Activated in settings of allergic responses, mainly through stimulation of the high affinity receptor FcεRI complex by IgE-recognizing specific antigens, MCs release pre-stored biogenic amines, proteases, proteoglycans, chemokines as well as cytokines. In addition, MCs are well-known producers of different lipid mediators such as leukotrienes (LT) and prostaglandins (PG) (14, 20, 35) and production of these lipid mediators has in turn been shown to regulate MC functions. For example, MC-produced lipid mediators have been found to enhance inflammation in specific situations (36, 37) or to limit inflammation in other circumstances associated with reestablishment of tissue homeostasis (38, 39). Recent studies also demonstrated that enzymes responsible for production of lipid mediators belong to the MC-specific gene expression signature (40). Furthermore, in vitro generated connective tissue-like MCs and mucosal-like MCs differ in their eicosanoid patterns (41) and skin MCs are unique in showing the lowest expression levels of Alox5 gene encoding 5-lipoxygenase (40), indicating that lipid mediator production is coordinated by tissue-specific regulatory mechanisms. Production of eicosanoid mediators, sphingolipid metabolites, and platelet-activating factor (PAF) by MCs is extensively reviewed elsewhere (15, 42). Thus, during allergic responses, MCs produce a variety of lipid mediators acting in a paracrine and autocrine manner. In addition, MC reactivity is modulated by lipid mediators produced by other cells exposed to environmental challenges.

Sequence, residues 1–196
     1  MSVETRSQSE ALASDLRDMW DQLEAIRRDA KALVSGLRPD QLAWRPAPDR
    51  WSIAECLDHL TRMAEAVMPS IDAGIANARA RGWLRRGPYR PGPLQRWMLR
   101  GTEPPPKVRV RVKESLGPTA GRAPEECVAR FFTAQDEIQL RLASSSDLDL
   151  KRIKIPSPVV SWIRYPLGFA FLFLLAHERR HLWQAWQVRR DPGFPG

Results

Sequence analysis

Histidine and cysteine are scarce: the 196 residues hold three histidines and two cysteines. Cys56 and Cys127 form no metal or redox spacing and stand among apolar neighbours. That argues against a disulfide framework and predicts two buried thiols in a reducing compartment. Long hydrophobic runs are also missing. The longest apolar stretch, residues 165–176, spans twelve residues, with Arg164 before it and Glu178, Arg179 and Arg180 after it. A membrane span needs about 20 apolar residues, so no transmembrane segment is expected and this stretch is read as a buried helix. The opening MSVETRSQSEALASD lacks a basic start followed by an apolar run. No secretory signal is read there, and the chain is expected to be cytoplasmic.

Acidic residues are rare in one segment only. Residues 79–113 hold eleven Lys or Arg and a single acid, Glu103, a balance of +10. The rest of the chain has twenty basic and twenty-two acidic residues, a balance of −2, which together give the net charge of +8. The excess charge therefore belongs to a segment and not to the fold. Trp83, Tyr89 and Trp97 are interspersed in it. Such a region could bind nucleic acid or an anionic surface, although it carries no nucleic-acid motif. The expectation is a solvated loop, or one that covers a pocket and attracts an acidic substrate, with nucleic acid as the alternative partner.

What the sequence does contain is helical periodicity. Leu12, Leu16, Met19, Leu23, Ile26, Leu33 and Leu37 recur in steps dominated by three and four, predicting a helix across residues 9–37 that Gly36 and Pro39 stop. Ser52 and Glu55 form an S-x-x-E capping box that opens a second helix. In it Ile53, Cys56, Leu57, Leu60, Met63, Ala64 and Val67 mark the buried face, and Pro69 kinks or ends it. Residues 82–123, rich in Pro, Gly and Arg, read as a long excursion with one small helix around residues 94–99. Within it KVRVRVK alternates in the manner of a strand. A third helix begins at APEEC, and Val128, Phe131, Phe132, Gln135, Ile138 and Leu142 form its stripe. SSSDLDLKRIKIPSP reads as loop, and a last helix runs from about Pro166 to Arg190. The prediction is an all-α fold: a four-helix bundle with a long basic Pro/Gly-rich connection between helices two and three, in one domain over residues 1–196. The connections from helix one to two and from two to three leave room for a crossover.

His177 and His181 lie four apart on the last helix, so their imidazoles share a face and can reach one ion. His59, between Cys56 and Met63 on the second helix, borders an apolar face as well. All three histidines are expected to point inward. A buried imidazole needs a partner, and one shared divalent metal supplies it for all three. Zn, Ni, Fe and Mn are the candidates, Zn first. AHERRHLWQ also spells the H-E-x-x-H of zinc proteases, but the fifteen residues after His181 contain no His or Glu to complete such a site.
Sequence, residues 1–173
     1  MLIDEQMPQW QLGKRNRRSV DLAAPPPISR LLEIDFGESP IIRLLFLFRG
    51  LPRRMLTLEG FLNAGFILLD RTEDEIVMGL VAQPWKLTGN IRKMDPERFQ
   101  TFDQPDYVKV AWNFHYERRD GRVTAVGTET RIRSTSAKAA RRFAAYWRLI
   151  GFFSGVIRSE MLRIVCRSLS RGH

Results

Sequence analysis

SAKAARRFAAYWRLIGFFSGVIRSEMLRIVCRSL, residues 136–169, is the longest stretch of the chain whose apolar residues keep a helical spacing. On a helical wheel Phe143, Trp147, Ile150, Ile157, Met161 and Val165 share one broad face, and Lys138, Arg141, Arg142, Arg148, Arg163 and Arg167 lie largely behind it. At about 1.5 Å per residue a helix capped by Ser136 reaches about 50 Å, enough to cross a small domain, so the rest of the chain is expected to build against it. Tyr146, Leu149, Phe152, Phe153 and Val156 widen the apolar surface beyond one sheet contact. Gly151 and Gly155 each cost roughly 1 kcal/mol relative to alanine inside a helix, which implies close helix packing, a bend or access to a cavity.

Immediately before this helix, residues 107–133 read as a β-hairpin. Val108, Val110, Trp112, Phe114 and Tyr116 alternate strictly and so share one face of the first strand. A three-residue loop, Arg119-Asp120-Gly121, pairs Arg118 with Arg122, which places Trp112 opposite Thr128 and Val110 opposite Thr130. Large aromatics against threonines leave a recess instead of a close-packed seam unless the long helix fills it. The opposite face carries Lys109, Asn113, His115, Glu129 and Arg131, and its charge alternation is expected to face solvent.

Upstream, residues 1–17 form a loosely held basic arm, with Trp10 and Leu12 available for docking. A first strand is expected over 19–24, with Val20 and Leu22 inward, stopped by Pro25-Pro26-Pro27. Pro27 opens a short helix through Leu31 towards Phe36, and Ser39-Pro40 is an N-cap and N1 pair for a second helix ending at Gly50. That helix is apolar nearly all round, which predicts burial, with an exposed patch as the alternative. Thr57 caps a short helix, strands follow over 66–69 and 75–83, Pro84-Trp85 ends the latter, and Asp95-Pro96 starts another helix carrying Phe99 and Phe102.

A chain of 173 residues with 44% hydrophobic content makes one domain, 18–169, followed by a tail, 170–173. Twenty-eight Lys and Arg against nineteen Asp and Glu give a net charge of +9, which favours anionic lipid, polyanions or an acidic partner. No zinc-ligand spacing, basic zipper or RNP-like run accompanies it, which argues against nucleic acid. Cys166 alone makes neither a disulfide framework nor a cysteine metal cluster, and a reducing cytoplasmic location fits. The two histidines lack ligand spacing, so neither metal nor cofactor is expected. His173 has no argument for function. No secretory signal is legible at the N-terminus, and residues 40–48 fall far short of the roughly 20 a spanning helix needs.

Endocannabinoids Affect Mast Cell Reactivity
Often overlooked regarding their modulatory effects on MC function are endocannabinoids-a group of bioactive lipids serving as secondary immune modulators participating in down-regulation of inflammatory processes (17, 43). The best characterized members of endocannabinoid lipid mediators are N-arachidonoylethanolamine (anandamide, AEA) and 2-arachidonoylglycerol (2-AG) (44, 45), which are derived from membrane phospholipids in response to physiological or pathological stimuli. Furthermore, new signaling mechanisms for intracellular transport and storage of endocannabinoids have been described (46–49). Endocannabinoids act through type-1 (CB1) and type-2 (CB2) G protein-coupled cannabinoid receptors, G protein-coupled receptor GPR55, transient receptor potential channel of the vanilloid subfamily 1 (TRPV1), and peroxisome proliferator-activated receptor γ (PPAR γ) (50). CB1 and CB2 are expressed on MCs (51) and initiate a series of signal transduction events that converge at the transcriptional level to regulate cell migration and production of cytokines and chemokines (52, 53). Acting in concert with GPR55, CB2 mediates signals inhibiting MC degranulation and cytokine synthesis (54). Described anti-fibrotic effects of cannabinoid receptors in different MC-related disease models (55, 56) together with the recently deciphered crystal structure of CB1 and CB2 (57, 58) will allow development of selective agonists and their implementation in novel therapeutic concepts for allergic diseases.